Wauconda cops to get raises but will pay more for health insurance
Wauconda's police officers will receive annual pay raises ranging from 2 percent to 2.75 percent as part of a new, four-year labor contract.
The town's 17 officers also will pay a greater portion of their medical and dental insurance premiums, starting immediately, officials revealed.
The village board approved the deal with the Fraternal Order of Police union Tuesday.
Officers had been working without a contract since May 2015. The new pact came after multiple negotiation meetings, arbitration and sessions with a mediator, Village Administrator Doug Maxeiner said.
The contract calls for a 2.75 percent pay raise for hours worked during the 2016 fiscal year, which ended April 30. It's retroactive for hours worked, Maxeiner said.
A 2 percent raise was approved for the current fiscal year. It will result in extra pay for hours already worked since May 1, he said.
Officers will receive a 2 percent pay raise in the 2018 fiscal year and a 2.5 percent raise the following year.
Under the deal, starting base salary for a police officer increases from $61,314 annually to $64,260 immediately.
The officers' health insurance premiums are rising, too. Patrol officers had been paying 10 percent of their medical and dental premiums.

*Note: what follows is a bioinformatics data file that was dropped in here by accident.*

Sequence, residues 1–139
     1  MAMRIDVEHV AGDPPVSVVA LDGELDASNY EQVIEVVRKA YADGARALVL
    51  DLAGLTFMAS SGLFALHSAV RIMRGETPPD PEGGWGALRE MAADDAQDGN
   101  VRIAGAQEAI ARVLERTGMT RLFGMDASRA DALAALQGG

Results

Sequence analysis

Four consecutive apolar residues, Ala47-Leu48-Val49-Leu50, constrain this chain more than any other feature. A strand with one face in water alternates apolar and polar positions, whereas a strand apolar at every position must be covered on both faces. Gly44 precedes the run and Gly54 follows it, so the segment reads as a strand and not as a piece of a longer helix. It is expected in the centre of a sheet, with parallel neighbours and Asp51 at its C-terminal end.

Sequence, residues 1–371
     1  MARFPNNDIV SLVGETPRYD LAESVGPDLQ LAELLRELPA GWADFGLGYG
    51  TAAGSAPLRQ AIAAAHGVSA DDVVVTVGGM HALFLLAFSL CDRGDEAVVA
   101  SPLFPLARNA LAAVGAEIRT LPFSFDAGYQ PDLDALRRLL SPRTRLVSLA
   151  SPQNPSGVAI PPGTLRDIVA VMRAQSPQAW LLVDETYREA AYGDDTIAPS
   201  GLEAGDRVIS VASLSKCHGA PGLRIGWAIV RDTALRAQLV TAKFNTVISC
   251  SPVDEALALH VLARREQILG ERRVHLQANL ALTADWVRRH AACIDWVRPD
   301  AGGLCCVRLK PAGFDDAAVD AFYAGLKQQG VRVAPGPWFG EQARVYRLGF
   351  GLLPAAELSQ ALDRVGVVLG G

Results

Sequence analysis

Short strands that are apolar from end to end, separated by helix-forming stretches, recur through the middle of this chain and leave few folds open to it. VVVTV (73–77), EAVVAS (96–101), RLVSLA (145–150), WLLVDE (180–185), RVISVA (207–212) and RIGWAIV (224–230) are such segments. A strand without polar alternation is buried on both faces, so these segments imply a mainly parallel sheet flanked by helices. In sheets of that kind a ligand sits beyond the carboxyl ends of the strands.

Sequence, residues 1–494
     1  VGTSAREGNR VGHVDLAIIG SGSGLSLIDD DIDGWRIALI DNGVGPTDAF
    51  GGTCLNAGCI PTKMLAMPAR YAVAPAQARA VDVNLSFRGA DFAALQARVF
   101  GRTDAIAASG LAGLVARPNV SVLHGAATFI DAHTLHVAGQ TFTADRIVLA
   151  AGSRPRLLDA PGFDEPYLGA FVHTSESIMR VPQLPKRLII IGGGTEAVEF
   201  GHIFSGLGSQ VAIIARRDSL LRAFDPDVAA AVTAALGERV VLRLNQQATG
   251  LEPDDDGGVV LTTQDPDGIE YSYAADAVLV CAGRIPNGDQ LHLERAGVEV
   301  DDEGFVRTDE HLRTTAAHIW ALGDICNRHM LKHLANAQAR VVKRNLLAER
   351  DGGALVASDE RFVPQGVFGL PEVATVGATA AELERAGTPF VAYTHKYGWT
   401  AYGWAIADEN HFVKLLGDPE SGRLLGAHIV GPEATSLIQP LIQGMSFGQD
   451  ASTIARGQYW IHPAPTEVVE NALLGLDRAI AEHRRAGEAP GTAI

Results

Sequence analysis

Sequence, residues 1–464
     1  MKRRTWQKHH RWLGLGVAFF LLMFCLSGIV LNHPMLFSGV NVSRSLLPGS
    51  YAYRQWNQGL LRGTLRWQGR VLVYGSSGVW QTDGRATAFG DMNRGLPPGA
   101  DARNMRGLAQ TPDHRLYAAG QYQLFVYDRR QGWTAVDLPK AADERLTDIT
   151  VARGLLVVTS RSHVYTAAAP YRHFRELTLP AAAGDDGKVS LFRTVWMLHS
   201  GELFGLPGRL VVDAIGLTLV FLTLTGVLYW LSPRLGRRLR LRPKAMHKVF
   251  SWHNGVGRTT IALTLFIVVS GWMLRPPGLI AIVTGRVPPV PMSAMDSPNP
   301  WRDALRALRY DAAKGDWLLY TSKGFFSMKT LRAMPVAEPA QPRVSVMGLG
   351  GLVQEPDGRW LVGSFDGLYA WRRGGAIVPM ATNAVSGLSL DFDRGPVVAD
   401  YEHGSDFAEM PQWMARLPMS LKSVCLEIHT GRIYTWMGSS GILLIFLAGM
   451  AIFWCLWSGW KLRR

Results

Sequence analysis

Officers enrolled in the department's Health Maintenance Organization plan will pay 12.5 percent of their premiums in the 2018 fiscal year and 15 percent the following year. Officers enrolled in the department's Preferred Provider Organization plan will pay 13.5 percent of their premiums in the 2018 fiscal year and 17.5 percent the following year.
During the four-year contract, the pay raises are expected to cost the village an additional $138,000, Maxeiner said. But the insurance concessions will save the village about $24,000 during the same period, he said, reducing the net increase to about $114,000.
"We wanted to gain concessions on benefits and keep wage adjustments to a sustainable level," Maxeiner said.
The contract also calls for a change to shift schedules.
Instead of working five consecutive days followed by two- or three-day breaks, all officers will work five days straight, then get three days off. Additionally, a single shift will last nine hours rather than 8.25 hours.
The department has been testing that schedule this year and it seems to work, Maxeiner said.
"The patrol officers and sergeants liked it and the chief has been able to curtail some overtime with this schedule," he said.
A union representative couldn't be reached for comment.